Administer a dose of a subcutaneous, long-acting insulin. Within 15 minutes after administration, stop the insulin drip and check a fingerstick glucose. Continue to monitor blood glucose levels every hour until they are stable on the subcutaneous regimen.

What can go wrong?

1. Hypoglycemia6

Should the glucose begin dropping too fast, increase the percentage of dextrose containing fluids in the 2-bag system. Change the D10 to D12.5, if needed. If the glucose levels continue to drop too quickly, decrease the insulin drip. Regardless of glucose level, if a patient develops symptomatic hypoglycemia (shakiness, confusion, altered mental status), stop the insulin drip for 10 minutes and then restart either at a lower rate or with more dextrose.

2. Cerebral edema (CE)6

The pathophysiology of CE is uncertain. It is most likely to occur between 4-12 hours after initiation of therapy, but possible anytime in the first 24 hours. It is rare before therapy or after 24 hours. It occurs in 0.3–1% of children with DKA, but mortality is 21-24%, if it develops. Several theories exist regarding the development of CE.

  • Vasogenic edema: Primary damage to the cerebral vascular endothelium and increased blood brain barrier permeability or disturbance in autoregulation permit abnormal diffusion into cerebral tissues. Some MR studies show water diffusion into cerebral tissues during DKA, while others suggest abnormality in the blood brain barrier.7
  • Osmotic edema secondary to fluid therapy: IV fluids have lower osmolarity than the intracellular compartment during DKA treatment. The combination of insulin and hypotonic fluids lowers serum osmolarity, moving water into the brain via osmosis. The problem with this theory is that this phenomenon should be present in all patients with DKA, but CE is not that common. Little data exists to support this theory.8

Risk factors for CE3

  • Younger children
  • Newly diagnosis DM
  • Severity of acidosis
  • Increased BUN at presentation
  • Use of bicarbonate
  • Low pCO2 of initial sample after adjusting for severity of acidosis

Treatment of CE

  • Reduce the rate of fluid administration down to 1x MIVF.
  • Give mannitol – some studies suggest higher mortality with 3% saline (hypertonic) than mannitol in DKA-related CE. The dose for mannitol is 0.5 to 1 g/kg over 20 minutes, which can be repeated in 2 hours if no response.
  • There is no data to confirm that elevating the head of bed helps, but some practitioners do because of extrapolation from the TBI guidelines.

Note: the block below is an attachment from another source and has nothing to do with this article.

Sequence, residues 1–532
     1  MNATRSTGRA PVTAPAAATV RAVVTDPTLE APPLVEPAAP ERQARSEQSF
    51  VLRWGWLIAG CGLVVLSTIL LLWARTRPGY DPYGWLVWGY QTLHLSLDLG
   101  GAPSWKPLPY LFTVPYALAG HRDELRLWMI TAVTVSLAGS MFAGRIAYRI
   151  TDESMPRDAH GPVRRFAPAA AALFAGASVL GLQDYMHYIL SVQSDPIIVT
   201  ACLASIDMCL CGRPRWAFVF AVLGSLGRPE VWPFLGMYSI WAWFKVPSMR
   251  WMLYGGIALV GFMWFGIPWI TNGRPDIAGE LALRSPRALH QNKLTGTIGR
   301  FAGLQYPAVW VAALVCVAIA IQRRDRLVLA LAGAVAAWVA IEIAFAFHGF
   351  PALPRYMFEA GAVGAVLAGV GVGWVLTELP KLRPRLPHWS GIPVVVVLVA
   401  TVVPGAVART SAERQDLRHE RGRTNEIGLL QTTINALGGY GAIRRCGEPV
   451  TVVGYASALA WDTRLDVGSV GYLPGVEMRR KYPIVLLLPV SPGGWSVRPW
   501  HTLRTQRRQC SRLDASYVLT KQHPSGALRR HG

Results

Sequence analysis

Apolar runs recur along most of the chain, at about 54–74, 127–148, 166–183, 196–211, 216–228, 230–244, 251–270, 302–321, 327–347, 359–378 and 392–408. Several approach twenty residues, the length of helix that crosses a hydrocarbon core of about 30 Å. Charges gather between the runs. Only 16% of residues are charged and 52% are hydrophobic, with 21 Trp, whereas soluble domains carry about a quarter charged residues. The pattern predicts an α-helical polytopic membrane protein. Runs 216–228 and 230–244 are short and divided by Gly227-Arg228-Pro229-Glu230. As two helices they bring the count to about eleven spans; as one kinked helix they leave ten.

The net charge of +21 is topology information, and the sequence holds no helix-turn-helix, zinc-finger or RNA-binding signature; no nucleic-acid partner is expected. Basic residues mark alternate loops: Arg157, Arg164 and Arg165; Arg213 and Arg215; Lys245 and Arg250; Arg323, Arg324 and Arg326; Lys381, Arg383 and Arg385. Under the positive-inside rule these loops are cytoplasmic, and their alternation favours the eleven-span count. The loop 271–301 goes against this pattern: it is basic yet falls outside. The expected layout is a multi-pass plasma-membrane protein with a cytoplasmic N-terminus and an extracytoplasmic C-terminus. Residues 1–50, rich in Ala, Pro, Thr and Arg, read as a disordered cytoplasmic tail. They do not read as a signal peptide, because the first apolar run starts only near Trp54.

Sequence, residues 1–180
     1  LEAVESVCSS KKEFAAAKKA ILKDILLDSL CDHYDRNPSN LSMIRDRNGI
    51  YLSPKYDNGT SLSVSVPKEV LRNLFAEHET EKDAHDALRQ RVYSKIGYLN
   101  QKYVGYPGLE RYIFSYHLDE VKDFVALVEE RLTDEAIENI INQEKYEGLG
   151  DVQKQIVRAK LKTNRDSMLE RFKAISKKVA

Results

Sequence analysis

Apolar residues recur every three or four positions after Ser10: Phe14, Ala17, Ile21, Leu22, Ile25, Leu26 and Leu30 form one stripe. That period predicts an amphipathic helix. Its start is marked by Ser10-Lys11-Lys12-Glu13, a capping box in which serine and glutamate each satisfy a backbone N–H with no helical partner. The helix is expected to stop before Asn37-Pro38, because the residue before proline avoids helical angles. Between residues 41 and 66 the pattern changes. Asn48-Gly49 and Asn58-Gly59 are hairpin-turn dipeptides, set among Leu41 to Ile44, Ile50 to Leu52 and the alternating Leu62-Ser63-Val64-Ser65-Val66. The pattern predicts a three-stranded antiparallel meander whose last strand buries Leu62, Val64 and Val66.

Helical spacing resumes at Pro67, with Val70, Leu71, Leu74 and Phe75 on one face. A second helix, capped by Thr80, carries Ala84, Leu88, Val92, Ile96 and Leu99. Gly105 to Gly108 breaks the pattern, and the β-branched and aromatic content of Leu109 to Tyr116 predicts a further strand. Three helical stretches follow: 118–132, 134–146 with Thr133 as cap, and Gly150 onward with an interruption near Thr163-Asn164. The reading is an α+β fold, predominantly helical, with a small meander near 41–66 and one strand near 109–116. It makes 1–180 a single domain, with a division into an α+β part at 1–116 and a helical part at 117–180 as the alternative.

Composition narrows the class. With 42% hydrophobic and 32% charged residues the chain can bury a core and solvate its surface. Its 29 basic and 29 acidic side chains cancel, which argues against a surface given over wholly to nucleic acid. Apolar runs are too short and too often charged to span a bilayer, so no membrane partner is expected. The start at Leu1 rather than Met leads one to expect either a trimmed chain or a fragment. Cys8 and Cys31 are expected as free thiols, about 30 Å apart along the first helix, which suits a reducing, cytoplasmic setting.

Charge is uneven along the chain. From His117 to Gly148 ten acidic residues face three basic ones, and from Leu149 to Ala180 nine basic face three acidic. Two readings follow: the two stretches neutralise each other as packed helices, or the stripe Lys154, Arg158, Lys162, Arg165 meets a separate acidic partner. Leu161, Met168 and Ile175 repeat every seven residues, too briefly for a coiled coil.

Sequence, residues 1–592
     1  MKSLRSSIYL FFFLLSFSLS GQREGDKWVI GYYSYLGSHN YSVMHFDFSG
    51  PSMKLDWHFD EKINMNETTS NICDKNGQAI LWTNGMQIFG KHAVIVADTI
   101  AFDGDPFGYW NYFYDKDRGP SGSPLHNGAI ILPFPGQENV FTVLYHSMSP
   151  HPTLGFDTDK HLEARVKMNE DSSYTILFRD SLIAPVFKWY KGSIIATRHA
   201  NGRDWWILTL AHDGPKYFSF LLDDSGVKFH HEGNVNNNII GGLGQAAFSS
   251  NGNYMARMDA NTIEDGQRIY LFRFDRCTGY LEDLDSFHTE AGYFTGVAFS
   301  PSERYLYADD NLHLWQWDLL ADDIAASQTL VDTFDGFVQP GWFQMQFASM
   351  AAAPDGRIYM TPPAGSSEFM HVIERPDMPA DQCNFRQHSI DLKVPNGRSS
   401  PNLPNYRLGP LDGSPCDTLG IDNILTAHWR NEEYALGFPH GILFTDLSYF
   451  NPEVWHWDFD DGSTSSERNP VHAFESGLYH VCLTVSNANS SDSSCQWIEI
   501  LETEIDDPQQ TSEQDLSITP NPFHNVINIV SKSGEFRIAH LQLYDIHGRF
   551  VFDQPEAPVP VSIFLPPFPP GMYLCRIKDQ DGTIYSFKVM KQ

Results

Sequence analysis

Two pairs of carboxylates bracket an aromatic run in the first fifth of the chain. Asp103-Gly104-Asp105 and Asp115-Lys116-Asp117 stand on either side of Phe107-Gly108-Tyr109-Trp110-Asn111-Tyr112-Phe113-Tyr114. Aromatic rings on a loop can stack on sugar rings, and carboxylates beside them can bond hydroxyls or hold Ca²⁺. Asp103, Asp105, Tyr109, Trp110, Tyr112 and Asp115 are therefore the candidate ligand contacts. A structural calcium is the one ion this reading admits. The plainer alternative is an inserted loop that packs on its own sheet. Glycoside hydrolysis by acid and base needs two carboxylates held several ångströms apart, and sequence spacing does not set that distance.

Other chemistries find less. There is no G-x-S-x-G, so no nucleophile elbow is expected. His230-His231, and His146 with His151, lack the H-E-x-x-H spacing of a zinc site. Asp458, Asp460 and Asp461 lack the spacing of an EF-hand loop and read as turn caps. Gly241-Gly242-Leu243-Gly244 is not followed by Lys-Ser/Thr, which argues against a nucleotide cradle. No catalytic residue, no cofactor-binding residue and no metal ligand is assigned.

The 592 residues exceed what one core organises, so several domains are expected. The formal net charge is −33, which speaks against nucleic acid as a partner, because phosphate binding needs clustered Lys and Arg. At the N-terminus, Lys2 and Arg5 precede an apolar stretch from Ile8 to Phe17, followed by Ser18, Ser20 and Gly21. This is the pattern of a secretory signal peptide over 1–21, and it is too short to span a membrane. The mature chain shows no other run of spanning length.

3. Other complications

  • Venous thrombosis
  • Aspiration (if vomiting or altered)
  • Cardiac arrhythmias (from potassium derangement)

The Bottom Line: Pediatric DKA

1. Diagnose by:

  • Signs of polyuria, polydipsia, deep fast breaths (Kussmaul)
  • Elevated glucose, low pH, low bicarbonate, ketones in blood or urine

2. Treatment

  • Bag #1: Start an IV infusion of normal saline fluids (+/- potassium).
  • Bag #2: Prepare a bag of D10 fluids (+/- potassium) comprised of the same electrolytes as Bag #1.
  • Start an IV insulin drip at 0.1 units/kg/hour.
  • Measure glucose once an hour; alternate between measuring a basic metabolic panel and blood gas every hour.
  • When the glucose drops to <350 mg/dL, infuse D10 fluids (bag #2) and slow the infusion rate of the normal saline bag (bag #1) to maintain a rate of 1.5 x MIVF (see above table for infusion rates).

3. When to transition from insulin drip to subcutaneous insulin

  • Stable and normal glucose
  • Bicarbonate ≥ 15 mmol/L
  • Patient can tolerate food

4. Complications and Troubleshooting

  • If the blood glucose is too low and the patient is symptomatic, turn off the insulin drip for 10 minutes.
  • If the glucose is still high but dropping too fast, either slow the insulin drip rate or start D12.5 crystalloid fluid.
  • If the patient becomes confused or unresponsive, worry about hypoglycemia or cerebral edema.

Updated: April 2, 2018 to address the reader comment about D10 crystalloid fluids in Bag #2.

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Dunger D, Sperling M, Acerini C, et al. ESPE/LWPES consensus statement on diabetic ketoacidosis in children and adolescents. Arch Dis Child. 2004;89(2):188-194. [PubMed]
Glaser N, Barnett P, McCaslin I, et al. Risk factors for cerebral edema in children with diabetic ketoacidosis. The Pediatric Emergency Medicine Collaborative Research Committee of the American Academy of Pediatrics. N Engl J Med. 2001;344(4):264-269. [PubMed]
Hsia D, Tarai S, Alimi A, Coss-Bu J, Haymond M. Fluid management in pediatric patients with DKA and rates of suspected clinical cerebral edema. Pediatr Diabetes. 2015;16(5):338-344. [PubMed]
Glaser N, Wootton-Gorges S, Marcin J, et al. Mechanism of cerebral edema in children with diabetic ketoacidosis. J Pediatr. 2004;145(2):164-171. [PubMed]
Edge J, Ford-Adams M, Dunger D. Causes of death in children with insulin dependent diabetes 1990-96. Arch Dis Child. 1999;81(4):318-323. [PubMed]
Figueroa R, Hoffman W, Momin Z, Pancholy A, Passmore G, Allison J. Study of subclinical cerebral edema in diabetic ketoacidosis by magnetic resonance imaging T2 relaxometry and apparent diffusion coefficient maps. Endocr Res. 2005;31(4):345-355. [PubMed]
Lawrence S, Cummings E, Gaboury I, Daneman D. Population-based study of incidence and risk factors for cerebral edema in pediatric diabetic ketoacidosis. J Pediatr. 2005;146(5):688-692. [PubMed]
Jason Woods, MD

Jason Woods, MD

ALiEM Podcast Editor for ACEP E-QUAL Series
Assistant Professor
Department of Pediatrics, Section of Emergency Medicine
University of Colorado, School of Medicine
Jason Woods, MD


PEM physician. Creator of @littlebigmed podcast. Views are my own and do not represent medical advice. RT≠endorsement
Josh Bukowski, MD

Josh Bukowski, MD

Captain, USAF, MC
SAMMC Department of Emergency Medicine
JBSA Fort Sam Houston
Josh Bukowski, MD


Emergency Medicine Resident at University of California San Francisco Captain United States Air Force